Castro was no saint; he was an evil despot
MY ATTITUDE towards death is not generally affected by the literal acceptance of the old adage: “Do not speak ill of the dead.”
It does not suggest that nothing negative should be said of a dead person, but more so, in my view, that no untruths should be said of the deceased. In other words, do not tell lies, whether positive or negative, on the dead.
For most of us, it is socially abhorrent, if not a cardinal sin, to criticise a dead person, however truthfully done.
The recent death of former Cuban dictator Fidel Castro is a classic case in point. There are seemingly too many apologists, including several in this country, who have rendered glowing tributes with very little if any reference to any of his most despicable or unfortunate undertakings.
Fidel Castro was a brutal dictator who mistreated or oppressed the Cuban people by denying them fundamental rights and freedoms that we Jamaicans, for instance, often take for granted. He imprisoned, tortured and killed many who dared to oppose him.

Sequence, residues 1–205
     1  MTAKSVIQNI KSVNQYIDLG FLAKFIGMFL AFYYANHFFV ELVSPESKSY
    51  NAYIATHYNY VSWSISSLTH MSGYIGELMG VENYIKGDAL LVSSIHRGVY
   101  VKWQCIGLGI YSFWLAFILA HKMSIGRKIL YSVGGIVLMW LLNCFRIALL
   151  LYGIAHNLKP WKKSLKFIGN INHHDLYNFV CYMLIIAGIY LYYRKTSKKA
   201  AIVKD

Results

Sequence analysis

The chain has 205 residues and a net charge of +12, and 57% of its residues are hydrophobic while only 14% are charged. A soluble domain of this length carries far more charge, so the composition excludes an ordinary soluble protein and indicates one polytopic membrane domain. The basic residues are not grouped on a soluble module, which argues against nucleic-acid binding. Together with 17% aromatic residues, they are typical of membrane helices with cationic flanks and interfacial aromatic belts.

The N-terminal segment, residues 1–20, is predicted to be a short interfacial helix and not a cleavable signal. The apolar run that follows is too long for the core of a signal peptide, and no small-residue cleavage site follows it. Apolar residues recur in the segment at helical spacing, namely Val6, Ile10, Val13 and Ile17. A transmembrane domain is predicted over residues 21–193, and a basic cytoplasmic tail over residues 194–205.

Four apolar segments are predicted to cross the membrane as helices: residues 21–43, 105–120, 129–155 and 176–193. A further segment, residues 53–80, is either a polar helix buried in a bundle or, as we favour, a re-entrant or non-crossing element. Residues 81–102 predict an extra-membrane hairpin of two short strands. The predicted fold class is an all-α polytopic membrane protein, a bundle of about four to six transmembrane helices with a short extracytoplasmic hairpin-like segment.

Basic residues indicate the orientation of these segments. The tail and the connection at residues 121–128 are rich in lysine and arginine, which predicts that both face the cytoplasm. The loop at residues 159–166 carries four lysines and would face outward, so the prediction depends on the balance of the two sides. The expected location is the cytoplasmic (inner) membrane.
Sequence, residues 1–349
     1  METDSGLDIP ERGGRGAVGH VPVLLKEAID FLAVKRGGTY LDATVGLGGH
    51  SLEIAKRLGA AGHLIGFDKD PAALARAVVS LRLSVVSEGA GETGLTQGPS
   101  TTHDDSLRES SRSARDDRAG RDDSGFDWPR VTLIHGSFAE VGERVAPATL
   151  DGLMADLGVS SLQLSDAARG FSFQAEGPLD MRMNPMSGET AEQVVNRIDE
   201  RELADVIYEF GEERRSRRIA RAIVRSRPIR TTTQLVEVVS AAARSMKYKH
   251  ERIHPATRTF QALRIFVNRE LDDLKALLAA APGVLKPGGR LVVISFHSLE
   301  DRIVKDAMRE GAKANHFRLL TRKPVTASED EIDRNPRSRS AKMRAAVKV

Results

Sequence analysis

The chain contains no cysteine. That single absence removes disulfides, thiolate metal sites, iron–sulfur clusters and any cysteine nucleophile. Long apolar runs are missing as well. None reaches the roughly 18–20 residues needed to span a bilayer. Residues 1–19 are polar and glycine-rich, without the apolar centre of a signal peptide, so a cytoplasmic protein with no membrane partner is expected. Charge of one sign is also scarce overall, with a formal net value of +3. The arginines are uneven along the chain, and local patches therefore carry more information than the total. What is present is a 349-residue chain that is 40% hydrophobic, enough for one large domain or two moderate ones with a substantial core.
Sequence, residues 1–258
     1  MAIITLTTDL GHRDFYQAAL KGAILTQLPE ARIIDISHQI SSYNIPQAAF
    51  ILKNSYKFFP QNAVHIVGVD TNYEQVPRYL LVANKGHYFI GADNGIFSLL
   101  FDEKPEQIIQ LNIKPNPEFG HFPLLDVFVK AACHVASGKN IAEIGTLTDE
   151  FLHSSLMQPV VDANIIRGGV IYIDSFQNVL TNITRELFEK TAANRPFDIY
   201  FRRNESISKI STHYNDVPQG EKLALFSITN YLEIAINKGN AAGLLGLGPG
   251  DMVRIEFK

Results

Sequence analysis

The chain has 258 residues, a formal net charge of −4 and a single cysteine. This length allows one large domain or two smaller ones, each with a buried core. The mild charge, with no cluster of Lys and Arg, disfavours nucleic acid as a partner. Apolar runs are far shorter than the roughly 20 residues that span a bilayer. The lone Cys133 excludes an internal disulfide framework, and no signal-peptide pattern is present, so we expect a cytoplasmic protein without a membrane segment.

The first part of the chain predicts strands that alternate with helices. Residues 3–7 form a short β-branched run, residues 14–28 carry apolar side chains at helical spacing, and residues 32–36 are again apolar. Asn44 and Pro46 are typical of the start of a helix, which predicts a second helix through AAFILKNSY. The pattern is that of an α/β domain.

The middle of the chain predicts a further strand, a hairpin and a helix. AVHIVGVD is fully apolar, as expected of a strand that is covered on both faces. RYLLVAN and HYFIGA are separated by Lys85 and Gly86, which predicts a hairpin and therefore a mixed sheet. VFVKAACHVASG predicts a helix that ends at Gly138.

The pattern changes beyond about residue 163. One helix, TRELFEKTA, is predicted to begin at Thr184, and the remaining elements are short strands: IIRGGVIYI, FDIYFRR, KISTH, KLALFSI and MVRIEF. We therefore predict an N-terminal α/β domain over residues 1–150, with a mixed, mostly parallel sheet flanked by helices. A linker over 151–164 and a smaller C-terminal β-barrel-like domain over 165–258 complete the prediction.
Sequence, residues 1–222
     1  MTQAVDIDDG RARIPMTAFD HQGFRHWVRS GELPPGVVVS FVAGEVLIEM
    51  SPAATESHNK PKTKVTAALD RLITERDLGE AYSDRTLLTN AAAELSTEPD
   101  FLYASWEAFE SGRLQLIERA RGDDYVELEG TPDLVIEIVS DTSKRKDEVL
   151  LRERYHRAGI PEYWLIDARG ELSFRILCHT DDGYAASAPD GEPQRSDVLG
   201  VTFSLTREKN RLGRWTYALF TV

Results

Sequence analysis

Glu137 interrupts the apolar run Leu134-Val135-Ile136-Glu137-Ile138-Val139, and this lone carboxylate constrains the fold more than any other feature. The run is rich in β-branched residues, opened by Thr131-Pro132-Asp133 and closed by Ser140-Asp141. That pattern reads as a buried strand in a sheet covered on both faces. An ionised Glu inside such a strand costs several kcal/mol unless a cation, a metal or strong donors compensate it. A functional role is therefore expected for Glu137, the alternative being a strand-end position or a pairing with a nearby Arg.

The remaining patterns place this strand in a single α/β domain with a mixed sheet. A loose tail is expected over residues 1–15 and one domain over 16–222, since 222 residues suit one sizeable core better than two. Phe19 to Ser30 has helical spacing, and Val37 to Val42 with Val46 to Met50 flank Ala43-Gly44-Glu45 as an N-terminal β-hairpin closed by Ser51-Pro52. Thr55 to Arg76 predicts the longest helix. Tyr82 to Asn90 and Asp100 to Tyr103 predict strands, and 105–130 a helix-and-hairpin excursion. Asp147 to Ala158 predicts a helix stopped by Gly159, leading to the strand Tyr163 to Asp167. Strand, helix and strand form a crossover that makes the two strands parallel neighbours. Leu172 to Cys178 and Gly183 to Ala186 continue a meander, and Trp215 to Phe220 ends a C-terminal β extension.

The man must be called out for who he really was – a huge fraud who lived an opulent lifestyle while ensuring the average Cuban remained in abject poverty and falsely giving the impression he was living in similar circumstances like his people. Castro’s lifestyle was a classic reminder that the nonsensical political and economic theory of socialism was nothing but organised fraud – the very kind that Castro’s comrade in arms, Michael Manley, attempted to perpetrate on us – where the rulers lived quite differently from the ruled.
I was heartened to hear at least former Prime Minister Edward Seaga being honest enough to remember the person Castro really was – not the saint-like being others would have us believe.
Castro’s positive efforts, on especially some social initiatives, particularly in the fields of health and education in Cuba, are worthy of some adulation. Likewise, we in this country should be appreciative of his contributions towards, especially the education and health sectors in Jamaica.
To put it simply, I do not find joy in the death of Castro. However, let us not conveniently try to elevate the man by seeking to advance only such memories that would prove advantageous, when his life in its totality was filled with many negatives that should be equally highlighted. KEVIN K.O. SANGSTER email@example.com